The effects of technology depend not just on what the gadgets do but on billions of people’s judgments of their costs and benefits (do you really want to have call a help line to debug your refrigerator?). They also depend on countless nonlinear network effects, sleeper effects, and other nuisances. The popularity of baby names (Mildred, Deborah, Jennifer, Chloe), and the rates of homicide (down in the 1940s, up in the 1960s, down again in the 1990s) are just two of the social trends that fluctuate wildly in defiance of the best efforts of social scientists to explain them after the fact, let alone predict them beforehand.

But if you insist. This past year saw the introduction of direct-to-consumer genomics. A number of new companies have been recently launched. You can get everything from a complete sequencing of your genome (for a cool $350,000), to a screen of more than a hundred Mendelian disease genes, to a list of traits, disease risks, and ancestry data. Here are some possible outcomes:

• Personalized medicine, in which drugs are prescribed according to the patient’s molecular background rather than by trial and error, and in which prevention and screening recommendations are narrowcasted to those who would most benefit.

• An end to many genetic diseases. Just as Tay-Sachs has almost been wiped out in the decades since Ashkenazi Jews have tested themselves for the gene, a universal carrier screen, combined with preimplantation genetic diagnosis for carrier couples who want biological children, will eliminate a hundred others.

• Universal insurance for health, disability, and home care. Forget the political debates about the socialization of medicine. Cafeteria insurance will no longer be actuarially viable if the highest-risk consumers can load up on generous policies while the low-risk ones get by with the bare minimum.

• An end to the genophobia of many academics and pundits, whose blank-slate doctrines will look increasingly implausible as people learn their about genes that affect their temperament and cognition.

• The ultimate empowerment of medical consumers, who will know their own disease risks and seek commensurate treatment, rather than relying on the hunches and folklore of a paternalistic family doctor.

But then again, maybe not.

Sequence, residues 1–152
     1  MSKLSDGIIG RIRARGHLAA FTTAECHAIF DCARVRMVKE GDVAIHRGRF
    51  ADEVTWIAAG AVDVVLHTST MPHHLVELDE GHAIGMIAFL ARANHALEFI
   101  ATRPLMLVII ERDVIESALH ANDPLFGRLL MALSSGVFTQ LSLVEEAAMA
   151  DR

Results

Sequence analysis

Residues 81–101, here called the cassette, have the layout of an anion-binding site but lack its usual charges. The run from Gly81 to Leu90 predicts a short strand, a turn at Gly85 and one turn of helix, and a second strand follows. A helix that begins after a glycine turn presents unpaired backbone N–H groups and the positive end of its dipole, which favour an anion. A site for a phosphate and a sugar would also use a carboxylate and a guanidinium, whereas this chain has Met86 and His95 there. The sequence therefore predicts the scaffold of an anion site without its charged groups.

* * *

Cognitive Scientist,, New York University; Author, Kluge


Within my lifetime (or soon thereafter) scientists will finally decode the language of the brain. At present, we understand a bit about the basic alphabet of neural function, how neurons fire, and how they come together to form synapses, but haven't yet pieced together the words, let alone the sentences. Right now, we're sort of like Mendel, at the dawn of genetics: he knew there must be something like genes (what he called "factors"), but couldn't say where they lived (in the protein? in the cytoplasm?) or how they got their job done. Today, we know that thought has something to do with neurons, and that our memories are stored in brain matter, but we don't yet know how to decipher the neurocircuitry within.

Doing that will require a quantum leap. The most popular current techniques for investigating the brain, like functional magnetic resonance imaging (fMRI), are far too coarse. A single three dimensional "voxel" in an fMRI scan lumps together the actions of tens or even hundreds of thousands of neurons — yielding a kind of rough geography of the brain (emotion in the amygdala, decision-making in the prefrontal cortex) but little in the way of specifics. How does the prefrontal cortex actually do its thing? How does the visual cortex represent the difference between a house and a car, or a Hummer and a taxi? How does Broca's area know the difference between a noun and verb?

To answer questions like these, we need to move beyond the broad scale geographies of fMRI and down to the level of individual neurons.

At the moment, that's a big job. For one thing, in the human brain there are billions of neurons and trillions of connections between them; the sheer amount of data involved is overwhelming. For another, until recently we've lacked the tools to understand the function of individual neurons in action, within the context of microcircuits.

But there's good reason to think all that's about to change. Computers continue to advance at a dizzying pace. Then there's the truly unprecedented explosion in databases like the Human Genome and the Allen Brain Atlas, enormously valuable datasets that are shared publically and instantly available to all researchers, everywhere; even a decade ago there was nothing like them. Finally, genetic neuroimaging is just around the corner — scientists can now induce individual neurons to fire and (literally) light up on demand, allowing us to understand individual neural circuits in a brand new way.

Technical advances alone won't be enough, though — we'll need a scientist with the theoeretical vision of Francis Crick, who not only helped identify the physical basis of genes — DNA — but also the code by which the individual nucleotides of a gene get translated (in groups of three) into amino acids. When it comes to the brain, we already know that neurons are the physical basis of thinking and knowledge, but not the laws of translation that relate one to the other.